Plans for a new Regal theater complex at the Pyramid Mall have moved forward, according to a recent press release. Slated for completion by late fall of this year, the new 14-screen complex will replace the aging ten-screen Regal cinema. The new theater will be located at the former Ames department store, next to Old Navy.
“Everything isn’t set in stone yet, but we hope to start demolition [of Ames] in the next 30 days,” said James Tull ’74, general manager of the Pyramid Mall. “All in all, we’re looking at the end of November for the building to be ready to go,” he added.
Plans for the new theater were announced in the spring of 2004. As part of Regal Entertainment’s “ThEATery” concept, which “mixes dining, entertainment and interactive retail,” the new theater will feature stadium seating, reclining seats and digital surround sound.
According to Tull, there is no planned raise in ticket prices for the new theater.
“When we added onto the theater last time, there was no raise in price, although I’m not really privy to that information,” Tull said.
Generally, ticket prices are determined by negotiations with production studios, and not related to the costs of new construction.
As the only provider of first-run movies in the Ithaca area, one might wonder why Regal would see the need to replace the current 10-screen theater.
“Basically, Regal wants to keep their market share in the Ithaca market” Tull said.
Regal’s privileged position in Ithaca may not last long though, as the City of Ithaca’s Department of Planning and Development is currently reviewing a plan to build a first-run movie theater downtown near the Commons. The only theaters currently downtown — Fall Creek Pictures and Cinemapolis — primarily show independent or foreign films.
The downtown theater is part of a larger development effort by Ithaca and private developer Steve Bloomfield to bring more people downtown. The development will be located between the Tompkins County Mental Health building and the public library on Green street. There are also plans for addtional retail and office space.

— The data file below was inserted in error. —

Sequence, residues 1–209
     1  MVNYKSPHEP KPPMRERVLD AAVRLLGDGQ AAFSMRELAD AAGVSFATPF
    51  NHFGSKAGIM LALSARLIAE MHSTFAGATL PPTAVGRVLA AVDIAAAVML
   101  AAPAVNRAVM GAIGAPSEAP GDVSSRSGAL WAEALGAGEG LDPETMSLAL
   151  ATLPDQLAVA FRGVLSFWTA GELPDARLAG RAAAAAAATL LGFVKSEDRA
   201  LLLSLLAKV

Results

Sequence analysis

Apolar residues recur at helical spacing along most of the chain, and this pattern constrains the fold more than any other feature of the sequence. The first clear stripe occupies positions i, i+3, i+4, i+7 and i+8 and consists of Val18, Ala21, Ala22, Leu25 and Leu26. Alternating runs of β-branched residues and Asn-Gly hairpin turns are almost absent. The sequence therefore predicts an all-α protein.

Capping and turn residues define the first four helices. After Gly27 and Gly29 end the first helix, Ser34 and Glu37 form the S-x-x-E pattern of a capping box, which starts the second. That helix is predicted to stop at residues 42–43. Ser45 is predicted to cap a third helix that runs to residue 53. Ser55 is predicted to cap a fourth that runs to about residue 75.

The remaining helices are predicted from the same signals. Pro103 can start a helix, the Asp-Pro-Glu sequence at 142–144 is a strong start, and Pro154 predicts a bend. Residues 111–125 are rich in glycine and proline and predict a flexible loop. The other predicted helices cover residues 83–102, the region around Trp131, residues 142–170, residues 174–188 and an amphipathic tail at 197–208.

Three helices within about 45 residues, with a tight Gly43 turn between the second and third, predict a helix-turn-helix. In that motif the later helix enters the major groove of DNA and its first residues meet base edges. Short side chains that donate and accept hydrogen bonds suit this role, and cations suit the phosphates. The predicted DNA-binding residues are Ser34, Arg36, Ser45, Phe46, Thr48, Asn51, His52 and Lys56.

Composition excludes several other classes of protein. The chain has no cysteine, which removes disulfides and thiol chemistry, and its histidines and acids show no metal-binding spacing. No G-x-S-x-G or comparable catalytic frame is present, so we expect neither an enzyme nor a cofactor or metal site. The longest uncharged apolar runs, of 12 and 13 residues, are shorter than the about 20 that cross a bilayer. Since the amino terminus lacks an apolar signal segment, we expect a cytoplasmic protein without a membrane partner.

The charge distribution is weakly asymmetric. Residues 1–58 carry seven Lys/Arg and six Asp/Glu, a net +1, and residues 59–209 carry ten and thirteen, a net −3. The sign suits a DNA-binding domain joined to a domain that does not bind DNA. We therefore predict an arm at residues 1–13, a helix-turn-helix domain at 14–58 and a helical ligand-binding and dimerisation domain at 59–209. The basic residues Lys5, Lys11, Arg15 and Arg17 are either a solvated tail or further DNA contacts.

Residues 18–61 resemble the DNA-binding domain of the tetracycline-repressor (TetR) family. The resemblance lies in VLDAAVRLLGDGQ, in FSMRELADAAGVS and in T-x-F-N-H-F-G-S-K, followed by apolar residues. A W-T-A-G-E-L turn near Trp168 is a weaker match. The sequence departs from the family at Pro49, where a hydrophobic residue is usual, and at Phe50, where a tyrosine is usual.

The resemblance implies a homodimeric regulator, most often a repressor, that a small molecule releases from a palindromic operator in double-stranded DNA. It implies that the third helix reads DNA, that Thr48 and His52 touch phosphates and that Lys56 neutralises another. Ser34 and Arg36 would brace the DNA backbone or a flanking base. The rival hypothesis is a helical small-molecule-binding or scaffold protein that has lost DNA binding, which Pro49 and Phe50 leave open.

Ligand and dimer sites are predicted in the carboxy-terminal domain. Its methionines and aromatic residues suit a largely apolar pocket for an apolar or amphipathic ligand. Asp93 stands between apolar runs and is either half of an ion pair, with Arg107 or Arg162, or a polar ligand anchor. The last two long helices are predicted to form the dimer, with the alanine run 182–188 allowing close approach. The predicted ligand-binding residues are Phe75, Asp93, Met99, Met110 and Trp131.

When asked whether or not Ithaca’s plans for a downtown movie theater have affected the decision for a new theater at the Pyramid Mall, Tull said that “Pyramid Mall made its announcement of a deal way before Ithaca even announced they were looking for somebody to develop their downtown theater.”
Last night, a special meeting of the Ithaca Common Council convened to discuss the downtown initiative. Bloomfield addressed the feasibility of having two first-run theaters in Ithaca.
“The theater operator that we’re in negotiations with thinks this location downtown is the 100 percent corner — he thinks this is the best spot in the marketplace for a theater,” Bloomfield said. “We’re trained to think we can’t compete with suburbanization, but we have an opportunity here; do you want to give into the malling, if you will, of America?”
At the Common Council meeting, council member Michael Taylor ’05 (D-4th Ward) mentioned why he thought a theater downtown would be a good idea.
“As a student, and as the main target demographic of a theater like this, I would choose a downtown theater over Pyramid Mall if parking was available,” Taylor said.
Bloomfield responded that “parking downtown will be even closer to the theater than at Pyramid, with the Greet street parking garage right across the street — also, we will figure out ways to reduce parking fees for the movie crowd.”
Currently, fees for the Green street garage are waived after 8 p.m., as the payment booth is not staffed past that time.
Although a downtown theater would offer more choice, some students would still prefer going to the mall to see a movie, citing the current parking situation downtown as the main reason.
“I would probably go up to Pyramid more mainly because parking isn’t a problem by the mall,” said Eric Wilson ’06.
“I agree [with Wilson],” said Raheem Savji ’06. “I’d definitely go with Pyramid, it’s just more accessible from campus and has ample parking,” he added.
Archived article by Dennis Dunegan
Sun Staff Writer